"We are pleased to have been able to refine this model for therapeutic intervention in anthrax infection, further defining the potential efficacy of Valortim in anthrax disease," commented Dr. Lowy. "Animal modeling for therapeutic intervention in anthrax infection (in contrast to post-exposure prophylaxis) has been challenging because of the variability in onset time to disease after exposure and the rapidity of disease progression once symptoms are manifest. We used a rapid approach to identify animals with active disease, and our results showed that the animals designated for treatment proved to have bacteria circulating in their blood, supporting the accuracy of the approach and that Valortim had impressive activity in this setting. This study, along with others being conducted by our partner PharmAthene, may help to define an optimal and reproducible approach to evaluate therapeutic agents for anthrax disease in general, as well as Valortim in particular."
Details of the study
The pilot study, funded by the National Institute of Allergy and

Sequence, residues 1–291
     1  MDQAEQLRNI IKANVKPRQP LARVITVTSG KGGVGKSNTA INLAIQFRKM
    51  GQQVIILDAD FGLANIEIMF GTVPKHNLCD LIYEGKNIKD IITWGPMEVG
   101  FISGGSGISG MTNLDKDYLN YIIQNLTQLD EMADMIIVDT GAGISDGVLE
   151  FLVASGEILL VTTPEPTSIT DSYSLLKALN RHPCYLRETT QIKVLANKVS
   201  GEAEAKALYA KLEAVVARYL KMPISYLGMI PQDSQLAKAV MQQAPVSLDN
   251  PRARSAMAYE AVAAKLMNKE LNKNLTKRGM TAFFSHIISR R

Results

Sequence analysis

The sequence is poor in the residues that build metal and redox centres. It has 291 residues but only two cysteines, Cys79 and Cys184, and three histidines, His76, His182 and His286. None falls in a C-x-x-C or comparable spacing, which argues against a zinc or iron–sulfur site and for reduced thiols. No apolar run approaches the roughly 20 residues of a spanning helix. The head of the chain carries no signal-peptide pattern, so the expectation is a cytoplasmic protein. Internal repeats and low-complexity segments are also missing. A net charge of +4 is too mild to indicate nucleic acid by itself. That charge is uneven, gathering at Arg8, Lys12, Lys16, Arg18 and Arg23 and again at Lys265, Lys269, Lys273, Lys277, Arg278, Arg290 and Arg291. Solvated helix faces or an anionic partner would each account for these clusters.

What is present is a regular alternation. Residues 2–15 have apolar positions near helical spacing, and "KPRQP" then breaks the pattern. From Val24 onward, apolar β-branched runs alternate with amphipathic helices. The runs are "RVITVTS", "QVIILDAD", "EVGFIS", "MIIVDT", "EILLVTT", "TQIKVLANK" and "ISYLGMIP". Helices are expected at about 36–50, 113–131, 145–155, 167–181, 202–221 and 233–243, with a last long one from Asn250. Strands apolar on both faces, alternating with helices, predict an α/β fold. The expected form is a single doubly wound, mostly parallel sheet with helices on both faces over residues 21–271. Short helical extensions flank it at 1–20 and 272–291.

Infectious Diseases, part of the National Institutes of Health (NIH), was
designed to attempt to refine the New Zealand White (NZW) rabbit model as a
predictive therapeutic model for anthrax inhalation disease, and to assess
the efficacy of Valortim in this model. In the study, 32 adult NZW rabbits
were exposed by aerosol to Ames anthrax spores. Beginning 12 hours
post-exposure, animals were evaluated hourly for changes in temperature,
and every 6 hours blood samples were collected to assess bacteremia and
protective antigen in blood. Samples were analyzed for protective antigen
via a rapid electrochemiluminescent immunoassay (ECL), and bacteremia was
evaluated by 24- hour culture. A significant increase in body temperature
|SOURCE Medarex, Inc.|
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